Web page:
Activation Assays Using Citrate Anticoagulated Blood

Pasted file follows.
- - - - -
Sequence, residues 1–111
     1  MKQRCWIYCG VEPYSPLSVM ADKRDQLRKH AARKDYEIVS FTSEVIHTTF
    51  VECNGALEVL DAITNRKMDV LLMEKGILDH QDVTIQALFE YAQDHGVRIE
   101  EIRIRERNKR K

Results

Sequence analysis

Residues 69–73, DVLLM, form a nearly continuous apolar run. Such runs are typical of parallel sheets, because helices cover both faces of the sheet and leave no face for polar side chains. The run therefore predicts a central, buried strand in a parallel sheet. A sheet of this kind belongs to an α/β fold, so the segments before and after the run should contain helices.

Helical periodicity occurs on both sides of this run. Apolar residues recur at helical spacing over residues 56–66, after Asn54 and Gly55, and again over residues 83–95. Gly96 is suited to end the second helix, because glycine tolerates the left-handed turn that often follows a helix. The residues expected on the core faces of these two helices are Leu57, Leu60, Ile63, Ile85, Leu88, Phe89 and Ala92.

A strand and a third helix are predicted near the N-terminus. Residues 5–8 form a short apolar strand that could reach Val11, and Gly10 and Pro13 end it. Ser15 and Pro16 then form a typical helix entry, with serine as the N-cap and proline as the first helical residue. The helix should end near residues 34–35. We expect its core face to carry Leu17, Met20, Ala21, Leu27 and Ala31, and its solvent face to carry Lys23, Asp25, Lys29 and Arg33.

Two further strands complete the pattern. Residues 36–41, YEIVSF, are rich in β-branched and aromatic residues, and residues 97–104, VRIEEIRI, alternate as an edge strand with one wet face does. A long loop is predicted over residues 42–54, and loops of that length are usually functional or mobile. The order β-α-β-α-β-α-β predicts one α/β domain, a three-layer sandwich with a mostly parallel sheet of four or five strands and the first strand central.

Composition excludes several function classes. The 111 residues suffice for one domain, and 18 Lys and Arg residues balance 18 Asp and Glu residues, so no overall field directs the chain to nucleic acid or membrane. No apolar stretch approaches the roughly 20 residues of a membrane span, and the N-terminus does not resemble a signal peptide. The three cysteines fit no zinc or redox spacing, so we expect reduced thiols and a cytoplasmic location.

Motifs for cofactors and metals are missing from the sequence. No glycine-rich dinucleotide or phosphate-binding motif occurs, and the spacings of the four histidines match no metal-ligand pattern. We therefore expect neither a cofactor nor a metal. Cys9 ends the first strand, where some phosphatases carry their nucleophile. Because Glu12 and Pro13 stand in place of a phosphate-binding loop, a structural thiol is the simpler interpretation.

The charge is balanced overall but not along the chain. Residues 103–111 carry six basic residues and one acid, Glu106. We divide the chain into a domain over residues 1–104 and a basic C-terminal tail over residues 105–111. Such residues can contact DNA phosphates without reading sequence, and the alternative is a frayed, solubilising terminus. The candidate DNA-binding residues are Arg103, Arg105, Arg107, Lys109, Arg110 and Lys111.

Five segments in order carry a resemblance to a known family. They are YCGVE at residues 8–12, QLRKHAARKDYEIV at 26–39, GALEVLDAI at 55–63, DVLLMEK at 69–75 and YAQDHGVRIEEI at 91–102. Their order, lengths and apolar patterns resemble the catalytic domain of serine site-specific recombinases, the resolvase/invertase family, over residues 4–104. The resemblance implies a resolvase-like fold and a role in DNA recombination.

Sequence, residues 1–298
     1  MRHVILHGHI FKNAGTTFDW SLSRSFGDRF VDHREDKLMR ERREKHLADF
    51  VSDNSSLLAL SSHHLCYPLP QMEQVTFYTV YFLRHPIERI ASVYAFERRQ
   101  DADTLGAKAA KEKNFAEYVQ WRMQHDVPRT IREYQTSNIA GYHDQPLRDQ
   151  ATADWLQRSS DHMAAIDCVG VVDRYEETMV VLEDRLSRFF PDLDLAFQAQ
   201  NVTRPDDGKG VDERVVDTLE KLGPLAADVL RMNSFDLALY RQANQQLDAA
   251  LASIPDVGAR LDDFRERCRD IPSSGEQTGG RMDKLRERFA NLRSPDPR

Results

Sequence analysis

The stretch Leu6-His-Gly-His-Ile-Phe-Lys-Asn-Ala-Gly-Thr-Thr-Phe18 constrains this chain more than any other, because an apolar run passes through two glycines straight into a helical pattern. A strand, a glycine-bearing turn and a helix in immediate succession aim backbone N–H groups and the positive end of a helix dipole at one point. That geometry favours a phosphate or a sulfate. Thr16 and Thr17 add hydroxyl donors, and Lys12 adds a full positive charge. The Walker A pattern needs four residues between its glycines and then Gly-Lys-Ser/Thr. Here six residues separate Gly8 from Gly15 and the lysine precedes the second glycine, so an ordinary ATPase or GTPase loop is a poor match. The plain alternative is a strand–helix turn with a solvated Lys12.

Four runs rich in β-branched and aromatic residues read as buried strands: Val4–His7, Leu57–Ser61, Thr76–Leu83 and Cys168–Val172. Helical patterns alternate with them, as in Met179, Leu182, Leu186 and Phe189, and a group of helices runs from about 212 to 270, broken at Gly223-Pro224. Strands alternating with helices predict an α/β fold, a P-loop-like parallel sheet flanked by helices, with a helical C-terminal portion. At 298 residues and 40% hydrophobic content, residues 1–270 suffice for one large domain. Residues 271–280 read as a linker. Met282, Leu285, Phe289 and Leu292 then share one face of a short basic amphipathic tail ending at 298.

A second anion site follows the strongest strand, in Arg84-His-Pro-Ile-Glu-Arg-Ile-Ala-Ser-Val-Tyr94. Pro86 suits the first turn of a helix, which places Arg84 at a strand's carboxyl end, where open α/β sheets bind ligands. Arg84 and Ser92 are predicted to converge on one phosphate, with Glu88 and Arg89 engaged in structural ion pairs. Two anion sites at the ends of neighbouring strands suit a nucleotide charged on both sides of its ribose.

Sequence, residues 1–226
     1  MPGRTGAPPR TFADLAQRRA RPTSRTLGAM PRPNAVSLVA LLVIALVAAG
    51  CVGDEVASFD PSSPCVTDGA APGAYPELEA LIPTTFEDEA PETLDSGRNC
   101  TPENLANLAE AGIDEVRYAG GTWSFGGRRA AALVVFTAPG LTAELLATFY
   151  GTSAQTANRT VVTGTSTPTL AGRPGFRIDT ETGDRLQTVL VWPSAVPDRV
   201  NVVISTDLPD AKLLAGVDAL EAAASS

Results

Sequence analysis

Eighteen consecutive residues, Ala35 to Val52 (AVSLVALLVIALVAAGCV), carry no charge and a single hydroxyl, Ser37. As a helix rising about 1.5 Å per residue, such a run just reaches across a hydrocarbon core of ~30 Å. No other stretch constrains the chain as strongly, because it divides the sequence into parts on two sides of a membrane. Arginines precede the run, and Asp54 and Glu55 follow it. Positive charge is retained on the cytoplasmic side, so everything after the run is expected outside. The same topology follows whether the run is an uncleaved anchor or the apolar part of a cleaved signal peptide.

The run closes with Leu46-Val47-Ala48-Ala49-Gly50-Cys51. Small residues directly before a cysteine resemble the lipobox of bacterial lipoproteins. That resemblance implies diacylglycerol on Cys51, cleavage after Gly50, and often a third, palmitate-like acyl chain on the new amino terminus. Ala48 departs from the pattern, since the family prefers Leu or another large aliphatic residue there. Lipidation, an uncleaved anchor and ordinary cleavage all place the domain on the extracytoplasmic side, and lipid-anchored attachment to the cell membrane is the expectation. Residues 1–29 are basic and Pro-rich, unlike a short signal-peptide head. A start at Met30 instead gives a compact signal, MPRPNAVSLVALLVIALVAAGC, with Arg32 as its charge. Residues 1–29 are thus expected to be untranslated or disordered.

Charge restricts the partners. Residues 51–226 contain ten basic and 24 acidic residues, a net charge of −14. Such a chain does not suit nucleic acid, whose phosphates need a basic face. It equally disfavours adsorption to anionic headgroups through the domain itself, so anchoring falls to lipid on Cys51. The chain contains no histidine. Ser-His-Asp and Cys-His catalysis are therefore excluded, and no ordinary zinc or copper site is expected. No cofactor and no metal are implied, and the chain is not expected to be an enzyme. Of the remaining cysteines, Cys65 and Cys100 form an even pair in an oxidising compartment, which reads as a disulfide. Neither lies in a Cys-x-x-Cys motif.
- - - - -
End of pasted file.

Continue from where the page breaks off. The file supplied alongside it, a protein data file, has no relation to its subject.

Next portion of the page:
The first reports describing the use of normal donor c-PRP to detect platelet activation caused by HIT serum or plasma appeared in the 1970s (Rhodes et al., 1973; Fratantoni et al., 1975; Babcock et al., 1976). A ratio of serum (or plasma) to c-PRP between 0.66 and 1.0 was used (e.g., 200 mL serum added to 200-300 mL c-PRP). No standardized method has evolved, however, although a survey of 54 laboratories in France (Nguyen et al., 1994) found some practices to be more common. For example, most laboratories test patient citrated platelet-poor plasma (c-PPP) rather than heat-inactivated serum. Variable heparin concentrations are used, most commonly between 0.5 and 1.0U/mL. The ratio of patient c-PPP to donor c-PRP is usually 1:1, and ABO discrepancies are usually ignored. About 75% of the laboratories use at least two platelet donors for diagnostic testing.

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